[0014]The accompanying drawings, which are incorporated in and constitute a part of the specification, illustrate embodiments of the invention and together with the general description of the invention given above and the detailed description of the drawings given below, serve to explain the principles of these inventions.

[0015]FIG. 1 is a schematic of a ground source heat pump system of the prior art;

[0016]FIG. 2 is another schematic of a ground source heat pump system of the prior art;

[0017]FIG. 3 is a schematic of a self-contained water-to-water heat pump system of one embodiment of the present invention; and

[0018]FIG. 4 is a schematic of a heat pump employed in the embodiment of the present invention shown in FIG. 3.

[0019]To assist in the understanding of the embodiments of the present invention, the following list of components and associated numbering found in the drawings is provided herein.

TABLE-US-00001 Component # Ground Source Heat Pump System 2 Ground Loop 6 Heat 10 Ground 14 Cool Fluid 18 Coolant Loop 22 Cold Coolant Vapor 26 Heat Exchanger 30 Compressor 32 Hot Coolant Vapor 34 Condenser 36 Fan 38 Hot Coolant Liquid 42 Expansion Valve 46 Evaporator 48 Heat Pump 50 Storage Tank 54 Radiant In-Floor Heating System 58 Ground Loop Manifold 62 Ground Loop First Inlet 64 Ground Loop Second Inlet 68 Load Loop First Inlet 72 Load Loop Second Inlet 76 Outlet Load Loop 78 Outlet Ground Loop 80 Check Valve 84 Source Pump 88 Pump 92 Load In 96 Load Out 100 Source In 104 Source Out 108 Hot Water 112 Cool Water 116 Mixing Tee 120 Warm Water 124 Cold Liquid Coolant 128 Superheated Coolant Vapor 132

[0020]It should be understood that the drawings are not necessarily to scale. In certain instances, details that are not necessary for an understanding of the invention or that render other details difficult to perceive may have been omitted. It should be understood, of course, that the invention is not necessarily limited to the particular embodiments illustrated herein.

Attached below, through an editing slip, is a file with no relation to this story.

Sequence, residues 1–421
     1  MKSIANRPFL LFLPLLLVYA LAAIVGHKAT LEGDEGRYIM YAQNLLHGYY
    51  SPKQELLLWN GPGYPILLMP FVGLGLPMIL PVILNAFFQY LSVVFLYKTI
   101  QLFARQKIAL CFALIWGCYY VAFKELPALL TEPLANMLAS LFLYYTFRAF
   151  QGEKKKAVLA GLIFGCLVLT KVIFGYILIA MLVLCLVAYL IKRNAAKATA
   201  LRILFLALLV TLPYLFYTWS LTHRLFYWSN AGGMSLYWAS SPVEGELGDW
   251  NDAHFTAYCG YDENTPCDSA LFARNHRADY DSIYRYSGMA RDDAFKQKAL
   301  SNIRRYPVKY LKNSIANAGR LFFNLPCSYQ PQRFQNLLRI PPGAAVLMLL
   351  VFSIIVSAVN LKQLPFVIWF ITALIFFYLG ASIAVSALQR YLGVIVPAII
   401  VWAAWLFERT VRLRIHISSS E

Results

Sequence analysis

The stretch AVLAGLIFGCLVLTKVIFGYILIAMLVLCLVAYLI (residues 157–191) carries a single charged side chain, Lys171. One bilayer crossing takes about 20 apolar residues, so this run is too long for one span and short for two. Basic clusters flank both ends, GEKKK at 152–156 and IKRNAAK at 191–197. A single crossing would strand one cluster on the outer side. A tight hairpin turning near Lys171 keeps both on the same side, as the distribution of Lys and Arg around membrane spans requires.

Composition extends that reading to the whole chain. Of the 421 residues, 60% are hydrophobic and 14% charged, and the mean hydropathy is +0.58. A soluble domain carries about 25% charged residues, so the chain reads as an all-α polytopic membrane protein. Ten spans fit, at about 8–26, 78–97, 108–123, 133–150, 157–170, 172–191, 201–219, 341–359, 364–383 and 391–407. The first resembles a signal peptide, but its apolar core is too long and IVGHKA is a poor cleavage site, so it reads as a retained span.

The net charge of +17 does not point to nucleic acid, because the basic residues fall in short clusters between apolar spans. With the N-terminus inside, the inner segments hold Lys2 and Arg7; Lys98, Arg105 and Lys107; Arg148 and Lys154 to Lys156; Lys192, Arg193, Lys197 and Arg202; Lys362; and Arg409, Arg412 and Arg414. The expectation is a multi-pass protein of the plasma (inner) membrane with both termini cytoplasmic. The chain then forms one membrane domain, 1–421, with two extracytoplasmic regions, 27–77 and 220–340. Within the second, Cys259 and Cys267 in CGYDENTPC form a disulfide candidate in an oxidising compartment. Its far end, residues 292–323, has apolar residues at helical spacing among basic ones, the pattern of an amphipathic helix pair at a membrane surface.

[0021]Referring now to FIGS. 1 and 2, a ground source heat exchange system 2 of the prior art is shown. More specifically, as is well understood by one skilled in the art, the prior art heating system 2 employs a ground loop 6 that is positioned either horizontally or vertically within the earth surface. The latent heat 10 of the ground 14 is transferred to the cooler fluid 18 in the ground loop 6 via heat conduction. The now heated warm fluid 18 in the loop is then placed in thermal communication with a coolant loop 22 via a heat exchanger 30 wherein the heat from the ground loop 6 is transferred to coolant contained in the coolant loop 22. The cold coolant vapor 26 produced by the heat exchanger 30 is then compressed by a compressor 32, thereby converting electro-mechanical energy into heat energy that increases the temperature of the vapor. The now hot vapor 34 is then directed to a condenser 36 wherein the heat energy may be extracted therefrom via a fan 38, for example, to heat the inside of a structure. When the fan 38 removes heat from the coolant, coolant vapor condenses into hot liquid 42 that is directed to an expansion valve 46 that decreases the pressure and temperature of the hot liquid 42. Additionally, one skilled in the art will appreciate that hot liquid 42 exiting the heat pump 50 may be directed to a storage tank 54 for use in other hot water applications, such as showers, dishwashers, etc. and/or be used for radiant in-floor heating systems 58. As can be seen specifically in FIG. 2, due to the size and location for the placement of the ground loop 6, it may have to be placed vertically, wherein expensive drilling is required.